Posts Tagged ‘peacebuilding and development’
I had an email exchange with one my clients this week about educational programs for peace. He noted that there has been criticism in the past few years of people-to-people programs because they rarely have a lasting impact. Hence, he said, there has been an increased focus on programs that promote functional collaboration. This theme also relates to a blog I came across recently, which talked about the Robbers Cave Experiment. This experiment was done in the 1950s with a group of boys at a summer camp in the U.S. The boys were divided into two groups and became increasingly competitive and mean. Just being in contact wasn’t the answer. Their relationships did change in a positive direction, however, when the boys had to work together in a cooperative way on “superordinate” goals.
If you take a look at the criteria on the MoU site, I’m looking for case studies where this functional collaboration is happening across divides, i.e. in the form of development projects. Having these criteria makes the models harder to find, but I think they are important because it’s the difference between just bringing people together vs. working together for a common goal and, thus, forming tighter social bonds. This month, I feature a story from Harar, Ethiopia where civil society groups are working across ethnic and religious divides to advance these “superordinate” goals in their community.
I had interviewed Maurice Healy for the just-posted story on “Building Trust on Irish Borders.” Maurice spoke about a lot of the historical grievances and pain that still affect people in many communities there. “People talk about things that happened 200 years and they are still aggrieved,” said Maurice. These feelings move across generations and the young people too will bring up sectarian divides—even though, on the surface, they just seem to care about their I-pods. Religious differences, he added, are part of everyone’s DNA. Having heard this input, I wondered if the project featured in Newtowncunningham could really be called a “Model of Unity.” But, this site is not about “perfection.” Small steps matter and people have crossed divides to better the village as a whole.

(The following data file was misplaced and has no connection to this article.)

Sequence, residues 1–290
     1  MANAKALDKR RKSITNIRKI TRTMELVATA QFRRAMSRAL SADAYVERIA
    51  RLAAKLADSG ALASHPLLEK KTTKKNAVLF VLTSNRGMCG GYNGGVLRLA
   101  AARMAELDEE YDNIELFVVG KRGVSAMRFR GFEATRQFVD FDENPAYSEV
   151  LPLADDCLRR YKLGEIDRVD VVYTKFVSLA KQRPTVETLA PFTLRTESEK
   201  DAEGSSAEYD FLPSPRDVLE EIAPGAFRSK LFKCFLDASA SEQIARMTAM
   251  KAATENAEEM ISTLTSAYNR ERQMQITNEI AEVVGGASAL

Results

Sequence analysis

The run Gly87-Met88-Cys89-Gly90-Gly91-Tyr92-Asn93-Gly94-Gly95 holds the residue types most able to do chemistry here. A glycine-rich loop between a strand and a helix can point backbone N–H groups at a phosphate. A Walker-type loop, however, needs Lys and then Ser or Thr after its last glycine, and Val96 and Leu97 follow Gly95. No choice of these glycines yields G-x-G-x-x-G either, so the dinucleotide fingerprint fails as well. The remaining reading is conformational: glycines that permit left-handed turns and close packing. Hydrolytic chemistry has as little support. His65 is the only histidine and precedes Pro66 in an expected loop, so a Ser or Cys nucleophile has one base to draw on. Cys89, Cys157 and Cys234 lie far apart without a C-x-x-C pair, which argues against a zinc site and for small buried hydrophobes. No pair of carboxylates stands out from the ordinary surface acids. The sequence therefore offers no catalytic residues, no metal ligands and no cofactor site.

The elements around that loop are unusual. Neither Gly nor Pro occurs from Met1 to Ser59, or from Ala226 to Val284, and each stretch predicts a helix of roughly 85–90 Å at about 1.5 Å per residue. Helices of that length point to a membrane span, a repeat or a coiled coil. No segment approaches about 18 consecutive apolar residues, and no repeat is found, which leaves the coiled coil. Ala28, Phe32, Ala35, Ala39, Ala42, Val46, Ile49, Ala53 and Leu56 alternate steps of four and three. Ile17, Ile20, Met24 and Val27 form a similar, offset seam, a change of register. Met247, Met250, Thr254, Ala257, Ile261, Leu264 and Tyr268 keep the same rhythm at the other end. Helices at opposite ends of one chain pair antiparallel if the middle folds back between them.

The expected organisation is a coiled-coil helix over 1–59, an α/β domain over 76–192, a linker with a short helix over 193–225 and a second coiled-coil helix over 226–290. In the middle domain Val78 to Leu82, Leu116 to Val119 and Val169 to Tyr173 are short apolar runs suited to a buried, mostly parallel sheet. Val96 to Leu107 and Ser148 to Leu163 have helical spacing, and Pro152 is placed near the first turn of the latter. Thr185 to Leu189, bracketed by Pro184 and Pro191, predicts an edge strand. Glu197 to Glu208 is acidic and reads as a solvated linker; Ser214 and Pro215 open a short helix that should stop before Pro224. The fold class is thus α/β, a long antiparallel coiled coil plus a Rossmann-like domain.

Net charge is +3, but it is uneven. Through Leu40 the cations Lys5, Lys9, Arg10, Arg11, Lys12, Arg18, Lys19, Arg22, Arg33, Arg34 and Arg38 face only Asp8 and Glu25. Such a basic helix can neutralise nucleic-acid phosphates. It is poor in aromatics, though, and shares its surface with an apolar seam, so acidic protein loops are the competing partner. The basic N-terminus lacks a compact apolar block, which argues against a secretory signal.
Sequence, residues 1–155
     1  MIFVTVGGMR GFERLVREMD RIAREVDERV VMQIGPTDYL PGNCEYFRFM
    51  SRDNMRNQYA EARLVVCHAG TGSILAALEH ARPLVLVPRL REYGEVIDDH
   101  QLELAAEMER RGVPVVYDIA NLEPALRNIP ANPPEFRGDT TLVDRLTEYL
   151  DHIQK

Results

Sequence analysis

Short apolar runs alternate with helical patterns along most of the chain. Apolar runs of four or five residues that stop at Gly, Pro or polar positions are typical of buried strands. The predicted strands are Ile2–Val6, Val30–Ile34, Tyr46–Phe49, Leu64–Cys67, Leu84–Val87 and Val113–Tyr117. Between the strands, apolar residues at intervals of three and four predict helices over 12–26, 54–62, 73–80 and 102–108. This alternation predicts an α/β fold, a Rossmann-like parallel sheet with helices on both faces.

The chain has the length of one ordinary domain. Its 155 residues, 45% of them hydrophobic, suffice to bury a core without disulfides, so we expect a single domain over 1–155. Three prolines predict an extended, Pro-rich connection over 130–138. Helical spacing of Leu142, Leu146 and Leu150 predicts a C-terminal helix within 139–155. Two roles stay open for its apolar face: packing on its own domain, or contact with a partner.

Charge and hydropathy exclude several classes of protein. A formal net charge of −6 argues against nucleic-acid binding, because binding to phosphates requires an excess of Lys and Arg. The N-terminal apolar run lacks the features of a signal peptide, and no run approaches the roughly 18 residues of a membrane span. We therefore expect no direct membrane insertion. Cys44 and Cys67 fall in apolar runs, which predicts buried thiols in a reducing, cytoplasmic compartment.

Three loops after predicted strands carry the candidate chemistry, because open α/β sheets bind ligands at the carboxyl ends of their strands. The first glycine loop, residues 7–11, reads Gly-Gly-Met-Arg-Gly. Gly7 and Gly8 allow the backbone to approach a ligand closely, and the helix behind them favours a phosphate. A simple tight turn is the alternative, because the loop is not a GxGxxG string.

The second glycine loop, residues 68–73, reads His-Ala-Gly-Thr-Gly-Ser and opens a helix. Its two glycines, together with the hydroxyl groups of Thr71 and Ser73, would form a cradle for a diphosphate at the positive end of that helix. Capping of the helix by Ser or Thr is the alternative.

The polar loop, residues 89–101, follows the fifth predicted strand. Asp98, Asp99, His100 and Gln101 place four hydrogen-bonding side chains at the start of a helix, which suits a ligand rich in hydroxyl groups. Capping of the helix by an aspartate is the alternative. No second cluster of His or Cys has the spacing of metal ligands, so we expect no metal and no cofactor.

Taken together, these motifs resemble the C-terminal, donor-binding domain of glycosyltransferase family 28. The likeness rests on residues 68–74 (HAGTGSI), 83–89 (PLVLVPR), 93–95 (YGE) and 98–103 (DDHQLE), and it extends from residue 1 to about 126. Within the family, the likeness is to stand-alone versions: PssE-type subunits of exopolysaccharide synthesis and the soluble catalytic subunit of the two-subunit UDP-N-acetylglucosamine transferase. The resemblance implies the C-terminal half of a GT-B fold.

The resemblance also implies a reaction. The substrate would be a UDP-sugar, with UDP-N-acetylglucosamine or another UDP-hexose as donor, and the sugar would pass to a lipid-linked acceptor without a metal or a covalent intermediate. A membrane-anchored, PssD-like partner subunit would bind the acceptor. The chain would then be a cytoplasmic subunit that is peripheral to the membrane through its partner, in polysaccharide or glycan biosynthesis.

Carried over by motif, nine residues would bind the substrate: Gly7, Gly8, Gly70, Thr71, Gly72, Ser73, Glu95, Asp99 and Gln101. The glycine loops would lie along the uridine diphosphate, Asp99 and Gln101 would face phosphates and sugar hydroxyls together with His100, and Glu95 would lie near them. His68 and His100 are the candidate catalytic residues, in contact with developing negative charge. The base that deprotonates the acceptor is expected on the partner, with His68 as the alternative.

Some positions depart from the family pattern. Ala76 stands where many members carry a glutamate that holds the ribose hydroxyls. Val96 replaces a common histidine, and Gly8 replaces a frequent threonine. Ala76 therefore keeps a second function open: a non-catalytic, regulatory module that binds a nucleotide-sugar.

Eight years ago in Newtowncunningham, for example, no one would even use the halls of other groups, but now that is more common. The Gaelic Athletic Association, once known for its nationalist loyalties, has opened its doors to larger membership—including British security forces. And, contingents of youth have had enough positive experiences with cross-community activities and peers that they are getting adults to cross the Northern Ireland/Republic of Ireland borders for the first time. The case study shows that this bridge-building work is not easy, but it has to start somewhere. “Unless someone starts things moving” noted a Community Foundation for Northern Ireland report, “these communities will remain excluded and become further alienated at considerable social and economic costs to themselves and to Northern Ireland.”
Do you have experience in Northern Ireland? If you do (or even if you don’t), share your thoughts!